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Generic name: fluoxymesterone (floo OX i MES te rone)
Brand name: Androxy, Halotestin
Drug class: Androgens and anabolic steroids, Hormones / antineoplastics

What is fluoxymesterone?

Fluoxymesterone is a man-made form of testosterone, a naturally occurring sex hormone that is produced in a man's testicles. Small amounts of testosterone are also produced in a woman's ovaries and adrenal system.

Fluoxymesterone is used in men and boys to treat conditions caused by a lack of this hormone, such as delayed puberty or other hormonal imbalances.

Fluoxymesterone is also used in women to treat breast cancer that has spread to other parts of the body. Fluoxymesterone treats only the symptoms of metastatic breast cancer but does not treat the cancer itself.

Fluoxymesterone may also be used for purposes not listed in this medication guide.

What is the most important information I should know about fluoxymesterone?

This medicine can cause birth defects. Do not use fluoxymesterone if you are pregnant.

You should not use fluoxymesterone if you have prostate cancer or male breast cancer.

Fluoxymesterone will not enhance athletic performance and should not be used for that purpose or shared with another person.

What should I discuss with my healthcare provider before taking fluoxymesterone?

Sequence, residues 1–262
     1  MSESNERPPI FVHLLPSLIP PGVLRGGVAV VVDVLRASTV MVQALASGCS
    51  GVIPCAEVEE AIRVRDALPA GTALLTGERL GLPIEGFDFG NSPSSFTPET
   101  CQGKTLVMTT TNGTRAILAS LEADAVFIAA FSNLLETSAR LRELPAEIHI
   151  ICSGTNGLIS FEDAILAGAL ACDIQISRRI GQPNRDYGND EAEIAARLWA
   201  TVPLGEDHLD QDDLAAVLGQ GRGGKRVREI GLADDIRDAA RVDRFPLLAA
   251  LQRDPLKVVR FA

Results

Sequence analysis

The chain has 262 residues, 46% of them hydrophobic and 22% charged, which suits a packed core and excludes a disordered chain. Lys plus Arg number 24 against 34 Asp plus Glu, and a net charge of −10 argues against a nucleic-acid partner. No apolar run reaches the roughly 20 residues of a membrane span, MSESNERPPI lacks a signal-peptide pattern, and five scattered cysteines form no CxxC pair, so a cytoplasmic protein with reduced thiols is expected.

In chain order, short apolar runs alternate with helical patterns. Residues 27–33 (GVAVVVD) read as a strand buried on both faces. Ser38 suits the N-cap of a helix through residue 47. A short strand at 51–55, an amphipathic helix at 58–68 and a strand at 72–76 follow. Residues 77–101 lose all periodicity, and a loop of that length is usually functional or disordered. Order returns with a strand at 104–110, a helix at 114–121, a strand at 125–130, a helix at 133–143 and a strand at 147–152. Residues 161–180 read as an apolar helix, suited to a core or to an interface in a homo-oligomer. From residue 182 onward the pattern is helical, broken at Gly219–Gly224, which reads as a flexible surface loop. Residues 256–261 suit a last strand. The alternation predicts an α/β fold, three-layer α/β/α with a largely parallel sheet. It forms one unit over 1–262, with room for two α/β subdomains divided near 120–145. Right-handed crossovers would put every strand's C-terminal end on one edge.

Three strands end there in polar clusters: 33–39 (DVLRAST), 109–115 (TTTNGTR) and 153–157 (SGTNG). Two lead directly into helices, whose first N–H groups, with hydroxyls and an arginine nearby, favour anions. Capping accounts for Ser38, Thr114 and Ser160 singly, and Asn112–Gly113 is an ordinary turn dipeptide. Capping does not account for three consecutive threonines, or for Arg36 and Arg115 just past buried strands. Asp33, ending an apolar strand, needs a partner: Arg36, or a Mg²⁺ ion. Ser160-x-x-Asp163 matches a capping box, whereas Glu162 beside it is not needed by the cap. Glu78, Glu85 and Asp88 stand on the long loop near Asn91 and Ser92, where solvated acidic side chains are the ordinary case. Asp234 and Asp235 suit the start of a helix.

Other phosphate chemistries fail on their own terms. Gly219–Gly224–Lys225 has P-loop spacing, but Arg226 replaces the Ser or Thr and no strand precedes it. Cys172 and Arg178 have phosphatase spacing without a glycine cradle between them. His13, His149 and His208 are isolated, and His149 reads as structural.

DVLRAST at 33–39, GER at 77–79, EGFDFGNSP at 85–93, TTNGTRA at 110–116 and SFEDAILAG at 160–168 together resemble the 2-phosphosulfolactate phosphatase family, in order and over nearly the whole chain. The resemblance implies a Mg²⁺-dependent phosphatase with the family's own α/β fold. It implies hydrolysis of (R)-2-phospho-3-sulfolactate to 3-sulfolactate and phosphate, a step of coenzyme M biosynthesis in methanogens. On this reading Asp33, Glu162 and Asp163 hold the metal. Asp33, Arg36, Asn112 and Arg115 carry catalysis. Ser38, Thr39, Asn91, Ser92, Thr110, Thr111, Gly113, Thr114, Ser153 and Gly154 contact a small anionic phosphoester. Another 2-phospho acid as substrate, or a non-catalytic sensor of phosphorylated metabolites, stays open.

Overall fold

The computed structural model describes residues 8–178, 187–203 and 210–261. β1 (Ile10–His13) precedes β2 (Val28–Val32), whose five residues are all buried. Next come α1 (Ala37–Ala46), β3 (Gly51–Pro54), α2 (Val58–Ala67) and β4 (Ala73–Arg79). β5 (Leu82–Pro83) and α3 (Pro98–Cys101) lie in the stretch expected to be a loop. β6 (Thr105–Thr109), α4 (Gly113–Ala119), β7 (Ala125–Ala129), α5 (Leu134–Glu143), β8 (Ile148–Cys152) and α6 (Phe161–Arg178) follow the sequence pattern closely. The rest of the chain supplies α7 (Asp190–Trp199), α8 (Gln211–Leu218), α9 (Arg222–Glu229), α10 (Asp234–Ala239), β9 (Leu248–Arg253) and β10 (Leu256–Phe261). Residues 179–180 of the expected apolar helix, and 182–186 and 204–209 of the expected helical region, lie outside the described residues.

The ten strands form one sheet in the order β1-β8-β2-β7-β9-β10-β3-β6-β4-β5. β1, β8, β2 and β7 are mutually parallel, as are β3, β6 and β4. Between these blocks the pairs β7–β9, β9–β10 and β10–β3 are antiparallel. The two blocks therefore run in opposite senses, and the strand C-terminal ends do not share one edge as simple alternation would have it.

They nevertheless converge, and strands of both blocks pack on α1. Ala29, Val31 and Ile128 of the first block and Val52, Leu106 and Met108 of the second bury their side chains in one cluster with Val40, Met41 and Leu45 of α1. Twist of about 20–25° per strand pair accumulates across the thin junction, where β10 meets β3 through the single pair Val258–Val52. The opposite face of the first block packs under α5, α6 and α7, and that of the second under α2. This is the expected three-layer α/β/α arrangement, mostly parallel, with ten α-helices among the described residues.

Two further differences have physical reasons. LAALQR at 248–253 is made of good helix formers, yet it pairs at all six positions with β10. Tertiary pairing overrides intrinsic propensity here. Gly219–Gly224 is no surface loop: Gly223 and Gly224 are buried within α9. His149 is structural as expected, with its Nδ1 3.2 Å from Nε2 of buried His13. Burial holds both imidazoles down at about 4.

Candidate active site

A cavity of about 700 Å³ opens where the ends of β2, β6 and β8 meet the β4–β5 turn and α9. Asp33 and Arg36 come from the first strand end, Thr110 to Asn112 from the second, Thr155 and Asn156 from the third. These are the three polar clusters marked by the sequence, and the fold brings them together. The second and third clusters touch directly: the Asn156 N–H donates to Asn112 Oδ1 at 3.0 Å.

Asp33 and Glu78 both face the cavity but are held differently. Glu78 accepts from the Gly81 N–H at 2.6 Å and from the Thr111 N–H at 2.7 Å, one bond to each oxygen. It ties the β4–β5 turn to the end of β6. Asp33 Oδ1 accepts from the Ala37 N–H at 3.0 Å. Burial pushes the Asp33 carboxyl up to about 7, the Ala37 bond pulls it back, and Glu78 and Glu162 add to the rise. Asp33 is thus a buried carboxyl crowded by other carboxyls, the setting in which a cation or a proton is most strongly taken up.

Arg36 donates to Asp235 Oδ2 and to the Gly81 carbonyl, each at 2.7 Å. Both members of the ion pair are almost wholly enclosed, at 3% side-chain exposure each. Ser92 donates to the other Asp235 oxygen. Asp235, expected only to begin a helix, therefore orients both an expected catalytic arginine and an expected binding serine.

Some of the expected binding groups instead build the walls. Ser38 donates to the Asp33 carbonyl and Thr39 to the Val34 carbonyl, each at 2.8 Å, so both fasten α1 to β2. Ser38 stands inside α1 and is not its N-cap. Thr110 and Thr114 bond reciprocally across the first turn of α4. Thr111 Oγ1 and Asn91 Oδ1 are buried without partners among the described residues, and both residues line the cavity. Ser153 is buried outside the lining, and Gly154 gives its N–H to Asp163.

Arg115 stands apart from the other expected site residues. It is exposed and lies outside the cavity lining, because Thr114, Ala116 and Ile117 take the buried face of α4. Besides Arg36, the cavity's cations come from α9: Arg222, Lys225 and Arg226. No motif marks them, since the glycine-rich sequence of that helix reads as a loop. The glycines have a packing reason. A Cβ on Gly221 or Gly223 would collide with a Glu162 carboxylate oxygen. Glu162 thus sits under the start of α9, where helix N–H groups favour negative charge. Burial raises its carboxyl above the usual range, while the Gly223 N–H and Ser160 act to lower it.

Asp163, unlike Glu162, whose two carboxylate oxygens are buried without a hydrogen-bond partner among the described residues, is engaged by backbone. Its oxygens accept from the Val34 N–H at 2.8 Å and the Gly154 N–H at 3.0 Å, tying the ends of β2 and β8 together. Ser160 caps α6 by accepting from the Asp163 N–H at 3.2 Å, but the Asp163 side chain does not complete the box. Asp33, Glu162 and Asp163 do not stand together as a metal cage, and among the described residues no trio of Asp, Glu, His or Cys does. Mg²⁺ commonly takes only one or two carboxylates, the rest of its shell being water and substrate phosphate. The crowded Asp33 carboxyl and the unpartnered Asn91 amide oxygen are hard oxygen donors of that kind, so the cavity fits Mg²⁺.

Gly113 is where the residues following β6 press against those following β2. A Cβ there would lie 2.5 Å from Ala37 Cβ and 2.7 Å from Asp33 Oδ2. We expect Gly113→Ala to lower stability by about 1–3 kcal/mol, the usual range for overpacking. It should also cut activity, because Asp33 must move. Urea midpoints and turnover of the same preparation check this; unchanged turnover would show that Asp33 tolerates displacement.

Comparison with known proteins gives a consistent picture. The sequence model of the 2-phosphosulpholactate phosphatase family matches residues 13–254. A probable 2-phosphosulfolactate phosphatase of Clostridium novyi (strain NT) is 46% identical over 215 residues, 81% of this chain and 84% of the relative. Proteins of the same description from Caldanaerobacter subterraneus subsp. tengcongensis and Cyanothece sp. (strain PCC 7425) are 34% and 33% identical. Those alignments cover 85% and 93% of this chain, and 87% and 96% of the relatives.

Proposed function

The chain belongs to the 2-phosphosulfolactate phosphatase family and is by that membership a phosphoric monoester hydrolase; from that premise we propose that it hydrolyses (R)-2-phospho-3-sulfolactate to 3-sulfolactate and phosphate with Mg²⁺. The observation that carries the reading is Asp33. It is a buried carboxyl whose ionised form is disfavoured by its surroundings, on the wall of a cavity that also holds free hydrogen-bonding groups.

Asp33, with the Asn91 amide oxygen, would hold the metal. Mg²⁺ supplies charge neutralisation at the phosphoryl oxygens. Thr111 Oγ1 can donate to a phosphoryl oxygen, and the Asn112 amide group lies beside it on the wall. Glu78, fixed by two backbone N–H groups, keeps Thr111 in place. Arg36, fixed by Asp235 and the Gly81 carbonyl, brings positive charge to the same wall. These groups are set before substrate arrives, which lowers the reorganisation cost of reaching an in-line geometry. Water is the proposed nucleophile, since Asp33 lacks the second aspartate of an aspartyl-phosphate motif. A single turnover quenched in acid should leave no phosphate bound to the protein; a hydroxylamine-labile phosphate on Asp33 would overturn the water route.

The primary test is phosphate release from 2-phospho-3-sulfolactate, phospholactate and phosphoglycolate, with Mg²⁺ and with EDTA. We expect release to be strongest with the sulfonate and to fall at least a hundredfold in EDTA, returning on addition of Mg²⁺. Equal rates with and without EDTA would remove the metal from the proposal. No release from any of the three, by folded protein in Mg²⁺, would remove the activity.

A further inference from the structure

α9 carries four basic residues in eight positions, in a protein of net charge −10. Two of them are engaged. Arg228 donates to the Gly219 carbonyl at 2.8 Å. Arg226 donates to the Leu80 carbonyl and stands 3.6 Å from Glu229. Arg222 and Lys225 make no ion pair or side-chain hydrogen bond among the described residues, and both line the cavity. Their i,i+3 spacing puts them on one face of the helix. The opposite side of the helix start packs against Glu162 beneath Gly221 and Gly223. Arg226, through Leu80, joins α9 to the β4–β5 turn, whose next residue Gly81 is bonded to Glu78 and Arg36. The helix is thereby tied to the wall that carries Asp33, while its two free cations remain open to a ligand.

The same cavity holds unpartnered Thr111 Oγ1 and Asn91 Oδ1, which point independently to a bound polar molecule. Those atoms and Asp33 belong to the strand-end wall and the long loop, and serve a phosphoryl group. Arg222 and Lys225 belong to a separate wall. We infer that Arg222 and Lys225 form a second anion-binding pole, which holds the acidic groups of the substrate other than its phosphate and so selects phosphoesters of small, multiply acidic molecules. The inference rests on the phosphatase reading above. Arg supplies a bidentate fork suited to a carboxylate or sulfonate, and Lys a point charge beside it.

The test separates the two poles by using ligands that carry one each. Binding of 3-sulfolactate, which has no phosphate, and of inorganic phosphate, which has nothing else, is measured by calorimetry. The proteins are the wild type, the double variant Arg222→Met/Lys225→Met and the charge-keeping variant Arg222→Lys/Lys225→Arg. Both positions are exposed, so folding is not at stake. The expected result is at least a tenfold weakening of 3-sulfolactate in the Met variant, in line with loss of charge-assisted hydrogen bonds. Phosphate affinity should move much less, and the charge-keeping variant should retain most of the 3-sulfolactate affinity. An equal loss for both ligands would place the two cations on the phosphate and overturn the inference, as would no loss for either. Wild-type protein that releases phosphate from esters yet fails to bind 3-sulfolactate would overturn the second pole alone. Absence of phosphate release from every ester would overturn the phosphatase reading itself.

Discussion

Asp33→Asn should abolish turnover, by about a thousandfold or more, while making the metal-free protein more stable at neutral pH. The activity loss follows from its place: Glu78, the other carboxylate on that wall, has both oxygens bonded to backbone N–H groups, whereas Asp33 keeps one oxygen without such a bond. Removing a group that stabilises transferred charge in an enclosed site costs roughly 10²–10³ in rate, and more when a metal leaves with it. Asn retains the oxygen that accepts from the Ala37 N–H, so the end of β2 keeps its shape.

You should not use fluoxymesterone if you are allergic to it, or if you have:

  • prostate cancer;

  • male breast cancer; or

  • if you are pregnant.

Fluoxymesterone will not enhance athletic performance and should not be used for that purpose or shared with another person.

To make sure fluoxymesterone is safe for you, tell your doctor if you have:

  • benign prostatic hypertrophy (BPH);

  • breast cancer;

  • delayed puberty (unless you are taking fluoxymesterone to treat it);

  • liver or kidney disease;

  • diabetes;

  • any debilitating condition; or

  • heart disease, coronary artery disease (hardened arteries), congestive heart failure, or a history of heart attack.

This medication can harm an unborn baby or cause birth defects. Do not use fluoxymesterone if you are pregnant. Use effective birth control to avoid pregnancy during your treatment with fluoxymesterone. Follow your doctor's instructions about how long to prevent pregnancy after your treatment ends.